On the Encyclical “Laudato Si” by Pope Francis

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Written originally for Poverty Cure by Carroll Ríos | June 17, 2015 (a day before of the release)

The Vatican will soon release a new encyclical on environmental issues authored by Pope Francis, “Laudato Si”. Much of the expectation in the press centers on global warming: will the Pope side with those who believe climate change is largely man-made, or will he side with the deniers?

Can or should Pope Francis take sides? Pope Francis cannot truthfully claim that all empirical evidence is in and the debate is sealed, one way or the other. On this or any other temporal issue. He cannot say there is only one known or discoverable solution to each environmental problem. As his predecessors have done, he will most likely remind us “the Church does not have technical solutions to offer and does not claim “to interfere in any way in the politics of States.” She does, however, have a mission of truth to accomplish, in every time and circumstance, for a society that is attuned to man, to his dignity, to his vocation.” (Pope Benedict XVI, Caritas in Veritate, 9) It is up to lay Catholics to ponder conscientiously on these topics, illuminated by the principles that ground magisterial teachings.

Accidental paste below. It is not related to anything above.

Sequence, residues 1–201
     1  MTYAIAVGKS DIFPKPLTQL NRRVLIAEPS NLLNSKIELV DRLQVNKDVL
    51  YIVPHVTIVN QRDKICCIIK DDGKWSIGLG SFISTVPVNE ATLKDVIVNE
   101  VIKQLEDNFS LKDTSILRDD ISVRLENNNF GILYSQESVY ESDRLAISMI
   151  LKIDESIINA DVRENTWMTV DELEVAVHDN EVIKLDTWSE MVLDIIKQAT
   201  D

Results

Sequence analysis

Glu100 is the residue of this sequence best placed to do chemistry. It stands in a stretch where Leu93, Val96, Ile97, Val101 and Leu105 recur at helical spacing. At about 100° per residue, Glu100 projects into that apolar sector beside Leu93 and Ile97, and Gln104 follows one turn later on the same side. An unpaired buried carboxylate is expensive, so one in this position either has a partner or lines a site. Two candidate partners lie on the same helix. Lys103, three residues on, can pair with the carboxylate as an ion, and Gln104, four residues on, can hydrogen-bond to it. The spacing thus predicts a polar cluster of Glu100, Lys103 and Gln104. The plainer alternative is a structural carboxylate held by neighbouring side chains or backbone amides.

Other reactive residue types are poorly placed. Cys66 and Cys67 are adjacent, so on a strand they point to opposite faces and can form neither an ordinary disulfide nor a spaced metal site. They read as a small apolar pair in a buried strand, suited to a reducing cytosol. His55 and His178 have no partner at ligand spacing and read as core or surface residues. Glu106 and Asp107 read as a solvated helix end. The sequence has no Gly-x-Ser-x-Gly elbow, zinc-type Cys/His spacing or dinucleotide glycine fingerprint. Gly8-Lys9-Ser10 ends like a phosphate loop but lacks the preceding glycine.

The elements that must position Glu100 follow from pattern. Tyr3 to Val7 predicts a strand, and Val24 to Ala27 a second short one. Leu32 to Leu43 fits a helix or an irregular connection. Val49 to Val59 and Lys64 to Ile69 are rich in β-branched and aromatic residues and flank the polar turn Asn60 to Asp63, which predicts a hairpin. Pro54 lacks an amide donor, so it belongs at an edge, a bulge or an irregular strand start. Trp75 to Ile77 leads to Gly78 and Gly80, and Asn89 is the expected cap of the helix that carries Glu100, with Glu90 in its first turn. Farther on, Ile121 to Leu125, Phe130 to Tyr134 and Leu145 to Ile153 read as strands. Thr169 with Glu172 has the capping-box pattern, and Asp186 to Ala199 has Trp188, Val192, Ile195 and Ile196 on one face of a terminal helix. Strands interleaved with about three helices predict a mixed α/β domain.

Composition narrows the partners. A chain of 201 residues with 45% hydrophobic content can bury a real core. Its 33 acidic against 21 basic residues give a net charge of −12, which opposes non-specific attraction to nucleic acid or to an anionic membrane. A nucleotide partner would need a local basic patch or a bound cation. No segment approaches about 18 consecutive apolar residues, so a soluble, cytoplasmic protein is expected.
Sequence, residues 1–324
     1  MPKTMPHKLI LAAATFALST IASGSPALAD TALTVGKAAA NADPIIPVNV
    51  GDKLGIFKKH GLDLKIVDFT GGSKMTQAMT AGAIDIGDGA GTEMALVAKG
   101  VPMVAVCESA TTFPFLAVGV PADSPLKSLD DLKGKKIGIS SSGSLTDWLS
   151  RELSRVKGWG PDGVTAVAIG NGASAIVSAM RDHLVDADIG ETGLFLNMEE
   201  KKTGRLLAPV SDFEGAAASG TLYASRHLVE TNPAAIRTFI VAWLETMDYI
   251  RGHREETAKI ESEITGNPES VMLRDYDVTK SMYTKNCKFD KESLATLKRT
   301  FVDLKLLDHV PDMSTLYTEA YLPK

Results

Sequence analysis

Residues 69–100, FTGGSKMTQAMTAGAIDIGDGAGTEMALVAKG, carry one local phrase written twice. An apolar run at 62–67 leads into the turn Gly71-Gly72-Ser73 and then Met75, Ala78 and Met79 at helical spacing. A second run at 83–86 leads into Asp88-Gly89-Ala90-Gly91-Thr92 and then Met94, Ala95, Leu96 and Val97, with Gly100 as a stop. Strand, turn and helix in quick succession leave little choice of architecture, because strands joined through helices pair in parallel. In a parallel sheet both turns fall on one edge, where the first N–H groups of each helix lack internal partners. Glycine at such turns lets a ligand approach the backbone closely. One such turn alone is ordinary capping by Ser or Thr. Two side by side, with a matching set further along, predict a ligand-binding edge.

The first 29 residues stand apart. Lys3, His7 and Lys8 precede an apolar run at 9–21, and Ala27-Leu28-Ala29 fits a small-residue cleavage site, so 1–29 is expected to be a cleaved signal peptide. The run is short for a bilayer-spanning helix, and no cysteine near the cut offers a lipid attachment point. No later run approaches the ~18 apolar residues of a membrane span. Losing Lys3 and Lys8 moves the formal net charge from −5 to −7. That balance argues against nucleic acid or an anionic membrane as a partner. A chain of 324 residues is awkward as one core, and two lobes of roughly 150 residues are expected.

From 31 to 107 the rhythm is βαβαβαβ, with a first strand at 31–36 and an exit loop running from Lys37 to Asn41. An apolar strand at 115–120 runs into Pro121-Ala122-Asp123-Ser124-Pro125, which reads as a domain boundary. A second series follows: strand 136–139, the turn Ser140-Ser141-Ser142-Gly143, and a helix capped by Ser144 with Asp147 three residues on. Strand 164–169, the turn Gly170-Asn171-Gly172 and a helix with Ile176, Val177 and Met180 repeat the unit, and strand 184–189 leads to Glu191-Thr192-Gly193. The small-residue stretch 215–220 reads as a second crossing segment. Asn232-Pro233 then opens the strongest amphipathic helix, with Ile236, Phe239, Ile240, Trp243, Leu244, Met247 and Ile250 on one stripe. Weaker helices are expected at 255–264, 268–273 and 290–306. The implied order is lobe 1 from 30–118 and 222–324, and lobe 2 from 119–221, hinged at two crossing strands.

Affirming the sanctity of human life is a crucial Christian contribution to environmental debates. The Catholic Church has always championed the “culture of life”, to borrow a phrase popularized by Saint John Paul II. No human being brought into the world is expendable or rejected by God: we are all created in His image and likeness, and he loves us. Thus, the protection and conservation of natural resources cannot be achieved through population control policies.

In contrast, the environmental movement has long touted the overpopulation myth and viewed human reproduction suspiciously. The underlying premise is that people leave a damaging and permanent footprint on nature. All human acts produce externalities, according to this worldview. We emit more carbon dioxide than oxygen when we breathe, we generate sound pollution when we speak, and we ruin everything we touch. We are depicted as the most predatory species on the planet, as insatiable consumers of both flora and fauna.